Dealing with Dams and Culverts
To many people, “fish passage” means salmon migrating upstream to their spawning grounds and downstream out to sea. There’s more to the story. American shad and river herring (both alewife and bluebacks) once came up and down the Farmington by the tens of thousands too, and some still make the attempt. American eels and sea lampreys still make the journey every year also. Even local fish like trout and dace need to travel freely within the river to find good habitat. Many more animals—reptiles, amphibians, and mammals—need free passage along the edges of rivers and streams to in order survive and maintain healthy populations.
There are literally hundreds of barriers in their way, either old dams or culverts where streams pass under roads.
At FRWA, we work with many partners to remove these barriers.
Dam Removals and Retrofits
The upper reaches of the Farmington offer abundant spawning habitat to migratory fish, but the habitat is under-used because of dams that block upstream passage. Not every dam can be removed– but FRWA is actively engaged in dam-related projects that would provide real benefits to fish and people.
Spoonville Dam – Engineering Plan for Fish Passage
Design. In 2009, FRWA received funding from the State of CT (from polluter restitution payments) to coordinate an engineering study of the old Spoonville Dam in Bloomfield/East Granby. The dam, breached in 1955, pinches the river’s flow to a narrow, fast current that blocks upstream passage for migratory fish such as shad, alewife, and blueback herring as they return from the ocean and swim upstream to spawn. The engineering study concluded that the best way to restore fish passage would be complete removal of the dam, and it provided the design for removal. (Engineering study is available upon request).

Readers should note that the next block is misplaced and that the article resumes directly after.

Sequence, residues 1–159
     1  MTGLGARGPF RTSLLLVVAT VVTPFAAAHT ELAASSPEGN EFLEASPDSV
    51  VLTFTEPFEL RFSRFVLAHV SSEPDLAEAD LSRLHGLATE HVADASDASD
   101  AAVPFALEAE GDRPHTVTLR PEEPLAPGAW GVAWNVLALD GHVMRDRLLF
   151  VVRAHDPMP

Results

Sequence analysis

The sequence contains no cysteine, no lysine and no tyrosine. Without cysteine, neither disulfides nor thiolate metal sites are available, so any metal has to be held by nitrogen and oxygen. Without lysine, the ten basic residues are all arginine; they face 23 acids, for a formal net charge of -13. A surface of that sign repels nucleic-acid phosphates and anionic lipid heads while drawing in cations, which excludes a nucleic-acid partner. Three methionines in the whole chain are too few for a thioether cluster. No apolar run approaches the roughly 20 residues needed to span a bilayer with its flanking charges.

Benefits of Removal.
- River flow rates that once again allow American shad, alewife, and blueback herring to swim up through Tariffville Gorge and access more than 20 additional miles of river.
- Improved safety for boaters and swimmers.
- A restored scenic waterfall in place of a derelict dam at a popular fishing site.
Stakeholders. The towns of East Granby and Bloomfield endorse removal. The whitewater paddling community benefits from Tariffville Gorge (just upstream of the dam) as the venue for world-class whitewater paddling events. The engineering study demonstrates no adverse impact of dam removal on the whitewater paddling run, except of course losing the chute through the dam breach. The gain in boater and swimmer safety was seen as offsetting the loss of this whitewater play feature. The dam owner, CT Light and Power (a subsidiary of Northeast Utilities) supports removal.
Funding. Removing Spoonville Dam is a big job—breaking up and removing about 2,000 cubic yards of concrete from the bottom of a ravine—and is estimated to cost between $1 million and $1.5 million. To date (2011), FRWA has raised almost half the funds, and is well along in permitting the project.
Winchell Smith Dam—Engineering Plan for Fish Passage
The Winchell Smith (or Grist Mill) Dam in Farmington presents a barrier to fish passage in some low water conditions. In 2009, FRWA received funding from the State of CT for an engineering design to improve fish passage at this site. Because the dam is of historic interest and a popular scenic feature, the design for fish passage does not entail dam removal. Instead, the design is for a natural looking stepped rock ramp that will allow fish to pass over the top of the existing dam.
Whenever resources become available for implementing the engineering design, the finished project will improve fish passage as far as Collinsville on the Farmington mainstem.